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To record Adriana, Carla brought in her band of Brazilian brothers, Léo Costa (Sergio Mendes, Bebel Gilberto, Natalia Lafourcade) on drums and percussion, André de Santanna (Sergio Mendes, Jason Mraz) on bass, Dan Reckard (Bossa Zuzu) on keys, plus Anne Stafford (Sambadá) stepping in with arrangement, flute, and sax; Fabio Santana de Souza on trombone, and of course Carla on guitar and vocals. Adriana is the perfect pairing of musical and technological excellence, resulting in a pure expression of Brazilian bliss.
During the recording session at EastWest, Carla and the band recorded two other tracks composed by Carla, and arranged and recorded in the spirit of Antonio Carlos Jobim. Carla completed the production of the two tracks, "Sempre Odara" and "Three Kings," in her Los Angeles recording studio, Little Chaplin House. The first single, "Sempre Odara," begins with a simple nylon guitar and piano playing a classic bossa nova groove. The groove deepens with Léo Costa and Andre Santanna’s bass and drums, creating a solid foundation for Carla’s vocal to both whisper and soar. The accompanying video, filmed and directed by singer/songwriter Caro Pierotto, celebrates the immense beauty and depth of Brazilin music.
With the third and final single, comes the poetic and elegant “Three Kings.” The unapologetic bossa groove, freshly interpreted in 7/8 meter, is the only track of the three that’s sung in English. Though a secular song, the poetry tips a hat to the mysticism of love and its devout complexities. Hassett says that “while daydreaming one day, this line from Romeo and Juliet popped into my head: 'Romeo, Romeo, wherefore art thou Romeo? Deny thy father and refuse thy name; or if thou wilt not, be but sworn my love and I'll no longer be a Capulet.’ When I thought about my Romeo, well, two actually came to mind from my past, along with the current Romeo at that time. Turns out, my Romeo was actually three kings!” Intending to create a highly poetic lyric, Hassett gave each “king” his own verse, whose rhyme scheme coincides with their names. The chorus is borrowed from Shakespere, and verse four explains the song in the soliloquy style of the Bard, then wraps up the story with an unexpectedly charming end.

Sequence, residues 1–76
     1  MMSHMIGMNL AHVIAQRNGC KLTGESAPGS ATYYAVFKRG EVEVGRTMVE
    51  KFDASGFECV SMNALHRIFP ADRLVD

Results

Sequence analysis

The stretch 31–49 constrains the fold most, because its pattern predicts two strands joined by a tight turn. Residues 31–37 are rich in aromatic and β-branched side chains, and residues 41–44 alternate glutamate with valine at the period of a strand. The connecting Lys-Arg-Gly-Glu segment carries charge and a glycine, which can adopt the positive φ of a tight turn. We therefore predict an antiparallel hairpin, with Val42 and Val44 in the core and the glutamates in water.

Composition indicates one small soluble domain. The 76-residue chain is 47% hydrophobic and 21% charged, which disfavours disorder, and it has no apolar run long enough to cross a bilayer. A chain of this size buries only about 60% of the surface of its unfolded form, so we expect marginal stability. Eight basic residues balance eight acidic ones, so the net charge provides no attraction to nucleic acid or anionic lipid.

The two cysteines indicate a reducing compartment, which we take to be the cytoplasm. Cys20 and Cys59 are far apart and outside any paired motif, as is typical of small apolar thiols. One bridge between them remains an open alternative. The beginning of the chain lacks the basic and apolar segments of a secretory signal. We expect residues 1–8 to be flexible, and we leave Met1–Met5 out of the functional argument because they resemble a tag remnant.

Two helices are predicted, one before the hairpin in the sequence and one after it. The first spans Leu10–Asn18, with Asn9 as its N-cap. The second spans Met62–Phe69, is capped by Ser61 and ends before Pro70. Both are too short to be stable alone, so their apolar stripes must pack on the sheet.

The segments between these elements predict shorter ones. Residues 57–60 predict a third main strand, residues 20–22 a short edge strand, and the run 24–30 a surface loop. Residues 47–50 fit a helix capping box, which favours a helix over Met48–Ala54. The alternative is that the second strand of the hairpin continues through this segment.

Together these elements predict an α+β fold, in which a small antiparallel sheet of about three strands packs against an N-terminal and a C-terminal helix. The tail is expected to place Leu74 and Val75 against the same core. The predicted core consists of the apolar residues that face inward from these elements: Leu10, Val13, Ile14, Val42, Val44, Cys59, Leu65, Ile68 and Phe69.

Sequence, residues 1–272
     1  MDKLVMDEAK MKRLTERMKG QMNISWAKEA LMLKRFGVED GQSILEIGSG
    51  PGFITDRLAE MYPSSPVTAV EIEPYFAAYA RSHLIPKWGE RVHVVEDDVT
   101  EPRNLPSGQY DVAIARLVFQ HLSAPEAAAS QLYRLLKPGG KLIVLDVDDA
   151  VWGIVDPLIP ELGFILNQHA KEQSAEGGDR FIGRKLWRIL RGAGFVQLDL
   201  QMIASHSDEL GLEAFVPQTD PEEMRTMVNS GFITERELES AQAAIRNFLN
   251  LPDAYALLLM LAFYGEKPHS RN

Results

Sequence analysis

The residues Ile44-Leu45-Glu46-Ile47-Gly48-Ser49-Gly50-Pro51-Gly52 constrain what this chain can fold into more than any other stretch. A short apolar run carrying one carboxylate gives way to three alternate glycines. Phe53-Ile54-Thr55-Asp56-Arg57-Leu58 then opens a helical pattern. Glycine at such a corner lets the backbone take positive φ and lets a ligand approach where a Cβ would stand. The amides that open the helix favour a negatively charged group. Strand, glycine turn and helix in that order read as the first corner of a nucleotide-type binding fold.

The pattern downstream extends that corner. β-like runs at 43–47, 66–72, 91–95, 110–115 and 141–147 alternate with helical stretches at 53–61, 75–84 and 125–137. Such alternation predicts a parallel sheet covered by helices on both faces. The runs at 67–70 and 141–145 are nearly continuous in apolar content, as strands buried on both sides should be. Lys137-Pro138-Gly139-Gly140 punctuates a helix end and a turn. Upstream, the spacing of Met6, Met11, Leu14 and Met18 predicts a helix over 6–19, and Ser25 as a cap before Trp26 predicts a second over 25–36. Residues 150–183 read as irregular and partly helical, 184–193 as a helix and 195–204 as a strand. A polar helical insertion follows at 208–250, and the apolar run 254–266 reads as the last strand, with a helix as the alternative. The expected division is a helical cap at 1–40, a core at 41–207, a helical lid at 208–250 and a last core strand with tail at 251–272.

On her 2016 CD, +Blue (call it “more blue”) Carla Hassett explores the meaning of “home” and the complexities of growing up between two countries and cultures: her birthplace, Brazil, and her adopted country, the U.S. The cycle of 10 songs, including seven originals, explores tropicalia and samba, with Hassett's own unique stamp on each tune.
On +Blue , Hassett’s search for home through song is bookended by the anthemic “We Belong Here” and “South American Way,” a tune immortalized by the legendary Carmen Miranda. Hassett makes the Jimmy McHugh/Al Dubin-penned classic her own, taking it at a sultry tempo and delivering a slightly sad but totally engaging study of homesickness. +Blue was featured on NPR’s Weekend Edition with Linda Wertheimer.
Before +Blue, Hassett released Circulo, a collection of songs and vignettes that blend American and Brazilian pop, samba, and jazz. Hassett co-produced Circulo with Léo Costa (Sergio Mendes, Bebel Gilberto), and legendary drummer James Gadson appears as a guest producer and vocalist.